The Court was quick to cut back on the apparent breadth of this holding, however, noting that “it is not always necessary to consider both sides of a two-sided platform,” giving the example of a newspaper.20 Though newspapers that sell ads “arguably operate a two-sided platform because the value of an advertisement increases as more people read the newspaper . . . newspaper readers are largely indifferent to the amount of advertising that a newspaper contains.”21 Because indirect network effects are weak, “the market for newspaper advertising behaves much like a one-sided market and should be analyzed as such.”22
Two-sided transaction platforms, however, are different because they “facilitate a single, simultaneous transaction.”23 “[T]he network can sell its service only if a merchant and cardholder both simultaneously choose to use the network.”24 As a result, the indirect network effects are more pronounced, and the “network must find the balance of pricing that encourages the greatest number of” transactions.25 Furthermore, “[e]valuating both sides of a two-sided transaction platform is also necessary to accurately assess competition” since “[o]nly other two-sided platforms can compete with a two-sided platform for transactions.”26 Given that market definition, evidence that the antisteering provisions increased merchant fees could not establish anticompetitive effects because increased merchant fees fail to “demonstrate anticompetitive effects on the two-sided credit-card market as a whole.”27
II. the dissent’s critique
The conclusion that increased merchant fees are insufficient to establish harm because the market is two-sided did not satisfy the dissent. The dissent considered matters from the point of view of merchants: merchants purchase credit-card services, and they want credit-card networks to compete for their business; steering encourages credit-card networks to compete.28 To be sure, the fees that credit-card networks charge merchants will affect the fees credit-card networks charge (or the benefits they pay) to cardholders, but why should that change the analysis? A credit-card network has to optimize its pricing, but it could optimize that pricing subject to the recognition that merchants have the right, as a matter of antitrust law, to discourage the use of a card that is over-priced from the merchants’ point of view.29 The dissent would have found it sufficient that the steering provisions impeded competition, leading to higher fees, in the sale of credit-card services to merchants; it would have left to AmEx the (difficult) burden of showing that any benefits to cardholders outweighed the harm to merchants.30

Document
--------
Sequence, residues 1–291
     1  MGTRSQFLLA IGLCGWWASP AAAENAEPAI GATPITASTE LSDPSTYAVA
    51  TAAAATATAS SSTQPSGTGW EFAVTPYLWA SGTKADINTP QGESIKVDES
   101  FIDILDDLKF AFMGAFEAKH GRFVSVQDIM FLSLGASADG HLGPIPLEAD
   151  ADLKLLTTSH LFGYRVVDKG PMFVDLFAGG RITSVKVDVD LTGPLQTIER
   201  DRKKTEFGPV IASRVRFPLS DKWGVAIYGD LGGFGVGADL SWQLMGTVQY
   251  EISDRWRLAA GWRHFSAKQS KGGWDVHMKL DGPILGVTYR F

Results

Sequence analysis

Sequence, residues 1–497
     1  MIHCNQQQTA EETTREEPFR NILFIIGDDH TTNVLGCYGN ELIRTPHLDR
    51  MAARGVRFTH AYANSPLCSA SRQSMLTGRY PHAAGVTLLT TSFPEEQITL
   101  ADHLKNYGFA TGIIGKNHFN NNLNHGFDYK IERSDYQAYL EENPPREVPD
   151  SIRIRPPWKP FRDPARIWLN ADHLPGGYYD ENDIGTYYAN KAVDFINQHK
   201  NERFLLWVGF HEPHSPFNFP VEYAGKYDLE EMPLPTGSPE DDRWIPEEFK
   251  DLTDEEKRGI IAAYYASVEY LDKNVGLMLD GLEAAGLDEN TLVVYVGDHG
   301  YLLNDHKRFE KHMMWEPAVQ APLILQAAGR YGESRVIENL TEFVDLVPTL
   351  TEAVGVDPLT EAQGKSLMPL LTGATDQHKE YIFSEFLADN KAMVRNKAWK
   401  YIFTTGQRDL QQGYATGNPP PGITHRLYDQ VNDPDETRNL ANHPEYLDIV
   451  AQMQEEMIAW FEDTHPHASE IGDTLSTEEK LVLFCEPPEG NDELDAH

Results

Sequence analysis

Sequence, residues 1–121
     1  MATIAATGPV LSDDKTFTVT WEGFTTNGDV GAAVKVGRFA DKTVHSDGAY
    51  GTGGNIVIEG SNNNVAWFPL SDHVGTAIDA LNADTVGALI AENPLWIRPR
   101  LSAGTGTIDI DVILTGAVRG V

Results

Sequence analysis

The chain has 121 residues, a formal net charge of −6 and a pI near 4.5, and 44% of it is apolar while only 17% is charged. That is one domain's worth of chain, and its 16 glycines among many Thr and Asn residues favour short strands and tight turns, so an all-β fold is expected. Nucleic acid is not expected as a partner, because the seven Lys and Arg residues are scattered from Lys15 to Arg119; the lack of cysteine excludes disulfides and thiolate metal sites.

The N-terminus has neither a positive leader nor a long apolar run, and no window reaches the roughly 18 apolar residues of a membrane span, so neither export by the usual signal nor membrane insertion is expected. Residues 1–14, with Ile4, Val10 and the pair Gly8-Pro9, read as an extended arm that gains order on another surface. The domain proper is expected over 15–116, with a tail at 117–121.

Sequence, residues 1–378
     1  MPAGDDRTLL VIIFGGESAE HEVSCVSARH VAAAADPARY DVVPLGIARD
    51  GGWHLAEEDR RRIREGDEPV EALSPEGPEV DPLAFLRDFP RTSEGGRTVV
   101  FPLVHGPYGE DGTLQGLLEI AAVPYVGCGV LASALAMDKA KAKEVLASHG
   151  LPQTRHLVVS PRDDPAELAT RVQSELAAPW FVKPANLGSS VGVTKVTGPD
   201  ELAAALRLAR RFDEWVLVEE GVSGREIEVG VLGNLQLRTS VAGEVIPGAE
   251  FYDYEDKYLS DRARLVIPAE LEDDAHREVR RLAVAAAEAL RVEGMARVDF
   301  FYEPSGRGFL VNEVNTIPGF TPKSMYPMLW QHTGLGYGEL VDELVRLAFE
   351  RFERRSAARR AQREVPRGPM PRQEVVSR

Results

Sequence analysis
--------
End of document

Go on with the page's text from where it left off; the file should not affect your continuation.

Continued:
The majority’s conclusion that the market is two-sided is no response to the dissent’s objection. Characterizing the market as two-sided does not supply a satisfying answer to the question whether restraints that are proven to impede competition on one side of the platform should be subject to condemnation for that reason in the absence of proof—which the defendant has the burden ’to provide—that the benefit on the other side outweighs that harm. Putting the burden of establishing net harm on the plaintiff will, as a practical matter, insulate many practices from challenge, because proving what prices would be charged to one set of consumers in a but-for world is hard enough, let alone consumers on both sides of the platform.31 It is a fair criticism that the majority did not offer a satisfying reason that all two-sided platforms that display strong indirect network effects—or even all two-sided transaction platforms—should be protected by this net-harm requirement, irrespective of the nature of the challenged practice.
Furthermore, the Court did not explain why resolving the market-definition issue was necessary to the conclusion that a showing of net harm was required. The dissent contended that it was enough to show actual effects—higher merchant fees.32 The majority responded that defining the relevant market was necessary because the government was challenging a vertical restraint, and “[v]ertical restraints often pose no risk to competition unless the entity imposing them has market power, which cannot be evaluated unless the Court first defines the relevant market.”33 But the Court’s decision did not, in any obvious way, rest on a determination that American Express lacked market power. Furthermore, if the absence of market power was sufficient, as a matter of law, to foreclose liability for the challenged vertical restraint, any evidence of increased prices would have been beside the point.34
III. the court’s analysis made its two-sided market definition largely beside the point
Lower courts will also have to ponder the significance of the fact that, in explaining why the government’s evidence was insufficient, the majority did not rely on its market-definition holding, but instead addressed competitive dynamics in a way that left the two-sided nature of the market largely to one side. At the outset, the Court found that the government had failed to prove that Amex’s increased merchant fees reflected any ability to charge a supracompetitive price, given the “increases in the value of its services and the cost of its transactions,” and rejected the evidence that “Amex’s antisteering provisions are the cause of any increase in merchant fees.”35 It found that, even if merchant fees increased and cardholder rewards did not increase, there was no evidence that Amex either restricted output or charged merchants more than its competitors.36 But that conclusion, again, has nothing much to do with market definition—all agreed that output was appropriately measured by transaction volume; whether the market was one-sided or two-sided did not influence this analysis.